Edmon de Haro
Two new studies grapple with the merits of alternative work arrangements

With all the buzz about Uber, TaskRabbit, and others in the so-called gig economy, you’d think there has been a mass exodus from the 9 a.m.-to-5 p.m. milieu. But how prevalent are nontraditional work schedules? And do workers actually like them? In a pair of working papers, Princeton economists Alan Krueger and Alexandre Mas seek answers.

Alan Krueger
Sameer A. Khan

“Most of our [public policies] are geared toward traditional employment relationships,” says Krueger. “So if there is a growth in the number of freelancers, that is hugely relevant.” Due to lack of funding, however, the federal Bureau of Labor Statistics hasn’t done a survey of alternative work arrangements for a decade.

In “The Rise and Nature of Alternative Work Arrangements in the United States, 1995–2015,” Krueger and Harvard economist Lawrence Katz found that alternative work arrangements are responsible for 94 percent of the total growth in jobs in the U.S. economy over the past decade. During the same time, the share of workers with nontraditional work arrangements, including independent contractors, on-call workers, and workers with part-time and flexible schedules, has risen from 10 to 16 percent of the U.S. workforce. “If growth continues at this rate,” says Krueger, “it will be over 20 percent in another decade.”

The gig economy, comprising workers who use online platforms to take jobs on their own schedules, accounts for a measly 0.5 percent of workers. The majority of nontraditional workers are independent contractors and those working for staffing firms that contract out services. Staffing companies, once known for services such as janitorial and secretarial work, now include higher-income workers such as legal and medical staff. While 80 percent of professional freelancers were happy with the arrangement, workers in firms that provide short-term medical staffing in particular don’t seem happy with their situations, says Krueger.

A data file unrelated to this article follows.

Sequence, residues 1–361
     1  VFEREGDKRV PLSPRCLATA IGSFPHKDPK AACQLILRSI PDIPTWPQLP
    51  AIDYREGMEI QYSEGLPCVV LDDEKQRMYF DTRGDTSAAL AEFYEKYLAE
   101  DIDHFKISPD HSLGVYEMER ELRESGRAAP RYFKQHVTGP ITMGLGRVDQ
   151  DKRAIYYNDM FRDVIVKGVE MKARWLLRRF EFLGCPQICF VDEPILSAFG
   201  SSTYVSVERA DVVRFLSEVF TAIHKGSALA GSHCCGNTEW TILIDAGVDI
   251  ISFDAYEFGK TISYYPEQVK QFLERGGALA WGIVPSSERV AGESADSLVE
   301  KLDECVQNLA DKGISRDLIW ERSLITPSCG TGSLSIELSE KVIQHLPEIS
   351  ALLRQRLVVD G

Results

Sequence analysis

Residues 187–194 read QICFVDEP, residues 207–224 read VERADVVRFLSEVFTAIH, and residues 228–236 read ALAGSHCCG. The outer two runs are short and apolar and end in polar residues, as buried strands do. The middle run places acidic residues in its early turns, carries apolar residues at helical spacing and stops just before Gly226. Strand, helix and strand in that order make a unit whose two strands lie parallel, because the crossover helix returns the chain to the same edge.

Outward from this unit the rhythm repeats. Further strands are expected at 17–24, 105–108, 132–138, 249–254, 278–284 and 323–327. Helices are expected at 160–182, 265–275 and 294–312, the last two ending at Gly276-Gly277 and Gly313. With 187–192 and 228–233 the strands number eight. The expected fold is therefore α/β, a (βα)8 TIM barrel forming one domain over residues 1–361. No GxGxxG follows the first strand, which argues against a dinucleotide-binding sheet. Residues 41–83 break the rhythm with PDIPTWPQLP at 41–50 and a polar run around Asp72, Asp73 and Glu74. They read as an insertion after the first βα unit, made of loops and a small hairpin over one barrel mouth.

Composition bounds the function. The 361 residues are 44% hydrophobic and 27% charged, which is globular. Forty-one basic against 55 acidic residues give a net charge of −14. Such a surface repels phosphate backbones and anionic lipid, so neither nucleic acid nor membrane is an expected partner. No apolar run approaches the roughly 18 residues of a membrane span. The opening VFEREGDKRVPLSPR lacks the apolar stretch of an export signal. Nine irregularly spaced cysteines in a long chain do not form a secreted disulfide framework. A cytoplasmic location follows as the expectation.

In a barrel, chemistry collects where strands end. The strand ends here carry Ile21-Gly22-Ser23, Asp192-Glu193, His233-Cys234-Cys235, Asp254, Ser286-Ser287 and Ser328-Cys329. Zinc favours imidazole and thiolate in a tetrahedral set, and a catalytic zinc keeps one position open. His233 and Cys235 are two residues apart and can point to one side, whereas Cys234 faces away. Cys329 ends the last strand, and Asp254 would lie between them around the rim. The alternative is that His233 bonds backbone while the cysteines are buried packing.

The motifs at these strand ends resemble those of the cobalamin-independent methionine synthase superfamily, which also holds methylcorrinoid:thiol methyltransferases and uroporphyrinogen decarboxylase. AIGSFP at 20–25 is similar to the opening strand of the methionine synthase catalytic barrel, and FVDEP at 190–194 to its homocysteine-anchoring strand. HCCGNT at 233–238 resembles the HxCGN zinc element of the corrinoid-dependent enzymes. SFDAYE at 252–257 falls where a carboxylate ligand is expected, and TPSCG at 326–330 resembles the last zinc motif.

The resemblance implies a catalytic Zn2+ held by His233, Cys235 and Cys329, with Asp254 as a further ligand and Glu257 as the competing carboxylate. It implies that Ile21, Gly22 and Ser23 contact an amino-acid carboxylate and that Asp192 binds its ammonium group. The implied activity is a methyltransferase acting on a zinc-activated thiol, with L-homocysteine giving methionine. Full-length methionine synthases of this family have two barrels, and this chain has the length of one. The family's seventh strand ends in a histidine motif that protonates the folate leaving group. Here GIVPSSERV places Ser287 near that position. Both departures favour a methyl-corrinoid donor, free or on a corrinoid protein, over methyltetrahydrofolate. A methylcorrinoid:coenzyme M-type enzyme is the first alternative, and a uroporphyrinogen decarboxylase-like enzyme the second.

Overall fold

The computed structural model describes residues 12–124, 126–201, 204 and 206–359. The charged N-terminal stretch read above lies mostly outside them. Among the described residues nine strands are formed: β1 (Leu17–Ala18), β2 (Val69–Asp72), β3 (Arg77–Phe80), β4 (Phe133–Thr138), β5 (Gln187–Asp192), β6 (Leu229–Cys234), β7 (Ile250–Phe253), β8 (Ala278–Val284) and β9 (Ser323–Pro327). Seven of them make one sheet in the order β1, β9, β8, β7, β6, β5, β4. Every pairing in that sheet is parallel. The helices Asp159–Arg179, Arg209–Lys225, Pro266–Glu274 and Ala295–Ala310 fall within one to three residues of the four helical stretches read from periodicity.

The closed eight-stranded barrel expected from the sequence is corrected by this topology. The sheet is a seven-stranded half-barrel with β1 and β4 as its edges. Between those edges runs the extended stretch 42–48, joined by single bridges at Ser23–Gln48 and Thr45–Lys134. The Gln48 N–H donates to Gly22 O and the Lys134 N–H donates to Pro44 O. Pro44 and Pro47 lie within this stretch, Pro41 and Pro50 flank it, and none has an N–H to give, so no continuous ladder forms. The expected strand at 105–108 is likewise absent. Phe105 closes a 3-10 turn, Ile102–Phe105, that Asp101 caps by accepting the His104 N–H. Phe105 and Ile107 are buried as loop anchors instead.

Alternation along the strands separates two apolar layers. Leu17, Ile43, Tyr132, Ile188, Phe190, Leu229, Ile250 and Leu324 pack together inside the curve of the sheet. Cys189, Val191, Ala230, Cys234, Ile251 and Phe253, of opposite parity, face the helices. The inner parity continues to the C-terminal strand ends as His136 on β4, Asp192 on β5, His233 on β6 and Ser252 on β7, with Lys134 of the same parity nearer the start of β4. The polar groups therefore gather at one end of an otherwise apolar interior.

Alexandre Mas
Denise Applewhite/Office of Communications

Mas’ study suggests some explanations. “Valuing Alternative Work Arrangements,” written with Harvard’s Amanda Pallais, elaborates on how much temporary workers value their jobs. By posting a job for a call center, they randomly allowed applicants to choose from 9-to-5 office work and alternative options including flexible hours, working from home, and schedules that change weekly at the employer’s discretion. Offering different hourly wages for each, they judged how much workers valued each arrangement by how much of a pay cut they would take.

They were surprised to see that workers mostly chose the traditional schedule, placing little value on flexibility. Though about a quarter of the applicants were willing to take a 10 percent pay cut to get more flexibility, the majority were not willing to take even a 2 percent cut for it, according to the study. “Despite all the talk about the new economy, the traditional job is what most people want,” says Mas.

There were a few exceptions — the average worker valued working from home, willing to take an 8 percent pay cut. And overall, women with children under 13 were slightly more interested in alternative arrangements, presumably because of child-care coordination. Most of the resistance to flexible schedules seemed to result from an aversion to working nights and weekends, says Mas. The average worker was willing to take a 20 percent pay cut to avoid that possibility.

As the number of alternative work arrangements increases, says Mas, it’s worth asking how governmental policies can adapt — for example, by requiring higher pay not just for traditional overtime, but also for working outside of 9 to 5. Other policies might encourage working from home.